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VOLUME 19 , ISSUE 1 ( 2015 ) > List of Articles


Paroxysmal sympathetic hyperactivity in neurological critical care

Imran Rizvi, Rajesh Verma, Prithvi Giri

Keywords : Autonomic seizures, encephalitis, paroxysmal sympathetic hyperactivity, traumatic brain injury

Citation Information : Rizvi I, Verma R, Giri P. Paroxysmal sympathetic hyperactivity in neurological critical care. Indian J Crit Care Med 2015; 19 (1):34-37.

DOI: 10.4103/0972-5229.148638

License: CC BY-ND 3.0

Published Online: 01-01-2015

Copyright Statement:  Copyright © 2015; The Author(s).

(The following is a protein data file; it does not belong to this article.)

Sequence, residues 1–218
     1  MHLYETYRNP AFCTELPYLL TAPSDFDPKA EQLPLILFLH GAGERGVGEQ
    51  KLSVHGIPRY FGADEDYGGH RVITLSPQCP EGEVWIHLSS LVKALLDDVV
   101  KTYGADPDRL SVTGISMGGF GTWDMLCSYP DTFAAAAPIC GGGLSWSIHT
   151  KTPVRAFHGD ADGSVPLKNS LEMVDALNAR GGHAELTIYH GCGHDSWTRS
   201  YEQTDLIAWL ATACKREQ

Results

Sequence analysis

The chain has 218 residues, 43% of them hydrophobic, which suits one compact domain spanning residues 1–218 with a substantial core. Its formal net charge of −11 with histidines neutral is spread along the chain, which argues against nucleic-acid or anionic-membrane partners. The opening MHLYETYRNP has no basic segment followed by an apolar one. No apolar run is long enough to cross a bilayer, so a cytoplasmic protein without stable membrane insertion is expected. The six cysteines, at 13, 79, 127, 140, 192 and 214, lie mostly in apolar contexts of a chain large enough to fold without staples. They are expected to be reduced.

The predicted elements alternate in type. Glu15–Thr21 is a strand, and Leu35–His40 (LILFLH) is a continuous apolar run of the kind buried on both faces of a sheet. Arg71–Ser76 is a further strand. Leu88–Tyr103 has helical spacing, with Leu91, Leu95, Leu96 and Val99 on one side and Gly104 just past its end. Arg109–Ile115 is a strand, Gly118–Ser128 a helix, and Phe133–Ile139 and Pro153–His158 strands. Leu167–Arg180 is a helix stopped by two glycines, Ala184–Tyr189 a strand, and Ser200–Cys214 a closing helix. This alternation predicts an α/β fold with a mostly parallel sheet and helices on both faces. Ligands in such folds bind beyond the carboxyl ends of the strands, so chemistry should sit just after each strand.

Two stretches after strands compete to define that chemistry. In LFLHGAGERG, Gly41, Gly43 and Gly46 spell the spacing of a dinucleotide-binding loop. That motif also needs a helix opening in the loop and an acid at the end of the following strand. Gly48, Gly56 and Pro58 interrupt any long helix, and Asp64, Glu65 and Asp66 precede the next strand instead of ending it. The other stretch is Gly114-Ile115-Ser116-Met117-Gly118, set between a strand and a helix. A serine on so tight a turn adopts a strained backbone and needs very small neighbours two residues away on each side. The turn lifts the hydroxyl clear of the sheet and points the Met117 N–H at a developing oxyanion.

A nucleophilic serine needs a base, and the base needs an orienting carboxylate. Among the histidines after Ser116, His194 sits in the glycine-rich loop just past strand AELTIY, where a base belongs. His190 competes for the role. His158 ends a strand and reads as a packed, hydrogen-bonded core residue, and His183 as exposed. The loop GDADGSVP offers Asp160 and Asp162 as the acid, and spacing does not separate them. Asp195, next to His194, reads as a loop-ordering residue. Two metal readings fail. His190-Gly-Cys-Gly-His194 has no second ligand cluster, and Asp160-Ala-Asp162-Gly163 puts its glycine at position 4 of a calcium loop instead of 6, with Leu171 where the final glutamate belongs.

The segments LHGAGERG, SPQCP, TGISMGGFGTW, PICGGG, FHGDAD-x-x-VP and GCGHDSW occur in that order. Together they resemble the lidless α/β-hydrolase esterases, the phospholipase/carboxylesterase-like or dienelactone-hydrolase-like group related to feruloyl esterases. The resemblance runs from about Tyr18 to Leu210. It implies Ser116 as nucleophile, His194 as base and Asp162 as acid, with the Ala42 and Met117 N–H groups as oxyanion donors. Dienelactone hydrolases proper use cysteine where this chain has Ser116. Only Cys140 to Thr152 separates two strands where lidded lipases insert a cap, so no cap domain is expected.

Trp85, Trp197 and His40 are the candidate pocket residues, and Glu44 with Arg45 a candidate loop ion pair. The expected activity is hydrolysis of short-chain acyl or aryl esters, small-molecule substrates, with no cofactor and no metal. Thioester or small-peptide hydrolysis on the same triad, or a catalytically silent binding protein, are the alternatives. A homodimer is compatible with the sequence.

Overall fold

Introduction: Paroxysmal sympathetic hyperactivity (PSH) is a clinical disorder mainly caused by traumatic brain injury, stroke, encephalitis and other types of brain injury. The clinical features are episodes of hypertension, tachycardia, tachypnea, fever and dystonic postures. In this study, we described clinical profile and outcome of six patients of PSH admitted in neurocritical care unit. Materials and Methods: This was a prospective observational study conducted at neurology critical care unit of a tertiary care center. All patients admitted at neurology critical unit during 6-month period from August 2013 to January 2014 were screened for the occurrence of PSH. The clinical details and outcome was documented. Results: PSH was observed in 6 patients. Male to female ratio was 5:1. Mean age ± SD was 36.67 ± 15.19 years. The leading causes were traumatic brain injury (two patients), stroke (two patients) and Japanese encephalitis (JE) (one patient) and tuberculous meningitis (one patient). Conclusion: PSH is an unusual complication in neurocritical care. It prolonged the hospitalization and hampers recovery. The other life-threatening conditions that mimic PSH should be excluded. The association with JE and tuberculous meningitis was not previously described in literature.

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